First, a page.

The local (Victoria) branch of the Archaeological Society of B.C. is firing up it’s winter lecture series. The first talk is on Tuesday, and features UVic’s own Kelsey MacLean, speaking on the enigmatic stone tool assemblage from Hiikwis, in Barkley Sound. Details below; it is free and open to the public.
M.A. Candidate, University of Victoria
Chipped Stone in Barkley Sound.
Abstract: In 2008, Hiikwis became the first archaeological site in Barkley Sound with a significant sample of chipped stone materials. This material provides new insights into the culture history of Barkley Sound and the Nuu-chah-nulth peoples. It is well known that settlement patterns changed drastically in Barkley Sound from approximately 1500 to 1000 AD (Marshall 1993:40), which is a period of occupation represented at Hiikwis. Although the population movements both before and during this time have been theorized about before, Hiikwis is causing researchers to reconsider their previous assertions. Analysis of the chipped stone materials aims to determine who created these stone tools, and why there is a relative abundance of these tools at this site in contrast to the surrounding excavated locations. Essentially, why are there chipped stone tools here, but not next door?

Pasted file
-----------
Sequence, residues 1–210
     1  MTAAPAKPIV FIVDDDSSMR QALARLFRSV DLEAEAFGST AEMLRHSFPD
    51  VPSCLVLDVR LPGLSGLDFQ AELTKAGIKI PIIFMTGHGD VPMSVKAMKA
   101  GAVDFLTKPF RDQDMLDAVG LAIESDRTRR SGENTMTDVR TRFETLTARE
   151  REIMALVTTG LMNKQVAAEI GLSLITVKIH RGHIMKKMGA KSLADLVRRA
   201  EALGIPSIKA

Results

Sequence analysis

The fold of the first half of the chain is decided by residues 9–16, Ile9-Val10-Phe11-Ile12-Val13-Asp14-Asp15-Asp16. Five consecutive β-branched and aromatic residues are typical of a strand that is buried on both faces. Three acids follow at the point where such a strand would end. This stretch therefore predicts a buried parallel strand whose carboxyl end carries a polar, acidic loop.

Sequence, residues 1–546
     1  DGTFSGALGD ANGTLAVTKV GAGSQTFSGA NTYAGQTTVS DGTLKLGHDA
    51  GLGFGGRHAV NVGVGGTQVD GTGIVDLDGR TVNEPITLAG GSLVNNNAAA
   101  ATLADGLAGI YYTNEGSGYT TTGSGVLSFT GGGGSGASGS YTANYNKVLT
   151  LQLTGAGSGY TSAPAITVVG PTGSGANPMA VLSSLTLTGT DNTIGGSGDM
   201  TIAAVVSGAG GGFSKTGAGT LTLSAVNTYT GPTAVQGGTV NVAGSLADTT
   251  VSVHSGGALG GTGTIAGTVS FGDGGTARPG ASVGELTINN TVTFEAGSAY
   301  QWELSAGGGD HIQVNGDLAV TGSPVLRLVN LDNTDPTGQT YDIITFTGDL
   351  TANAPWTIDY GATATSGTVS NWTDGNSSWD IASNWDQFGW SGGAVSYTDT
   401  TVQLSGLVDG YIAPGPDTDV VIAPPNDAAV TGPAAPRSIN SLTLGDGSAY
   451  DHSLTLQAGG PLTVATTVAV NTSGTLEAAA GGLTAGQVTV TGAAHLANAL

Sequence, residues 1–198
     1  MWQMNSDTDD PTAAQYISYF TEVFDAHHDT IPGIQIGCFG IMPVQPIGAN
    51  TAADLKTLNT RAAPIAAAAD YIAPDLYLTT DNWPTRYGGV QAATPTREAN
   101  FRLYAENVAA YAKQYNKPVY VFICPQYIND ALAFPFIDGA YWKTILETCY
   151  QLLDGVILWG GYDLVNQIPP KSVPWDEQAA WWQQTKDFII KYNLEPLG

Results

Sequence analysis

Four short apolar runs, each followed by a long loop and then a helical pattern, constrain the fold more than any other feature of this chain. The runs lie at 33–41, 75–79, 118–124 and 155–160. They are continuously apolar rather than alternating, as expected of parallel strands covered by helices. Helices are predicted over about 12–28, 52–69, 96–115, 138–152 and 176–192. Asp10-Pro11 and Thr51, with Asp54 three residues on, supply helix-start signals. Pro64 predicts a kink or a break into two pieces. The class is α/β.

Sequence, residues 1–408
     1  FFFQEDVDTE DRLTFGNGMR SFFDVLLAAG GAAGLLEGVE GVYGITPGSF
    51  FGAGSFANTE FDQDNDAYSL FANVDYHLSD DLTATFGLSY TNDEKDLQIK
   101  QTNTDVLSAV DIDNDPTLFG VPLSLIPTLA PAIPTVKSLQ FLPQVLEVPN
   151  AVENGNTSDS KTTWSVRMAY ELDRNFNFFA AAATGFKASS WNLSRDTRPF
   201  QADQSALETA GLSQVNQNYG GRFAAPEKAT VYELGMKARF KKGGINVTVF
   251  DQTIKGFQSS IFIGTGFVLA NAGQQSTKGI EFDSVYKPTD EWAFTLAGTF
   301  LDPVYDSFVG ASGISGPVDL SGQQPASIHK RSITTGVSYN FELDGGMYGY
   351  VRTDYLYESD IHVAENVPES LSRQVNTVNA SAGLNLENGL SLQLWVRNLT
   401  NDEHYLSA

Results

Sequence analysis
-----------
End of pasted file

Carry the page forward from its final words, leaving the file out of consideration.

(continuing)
Bio: Kelsey MacLean is currently an MA candidate at the University of Victoria. She is an executive member of the Victoria Branch of the Archaeological Society of BC and has a BA in Anthropology and Sociology from the University of Victoria. Her first fieldwork experience was in Barkley Sound in 2008 and she has returned each summer for further research. Her interest in the Tseshaht and the Barkley Sound region led to her pursuing her MA thesis project within this extended archaeological project.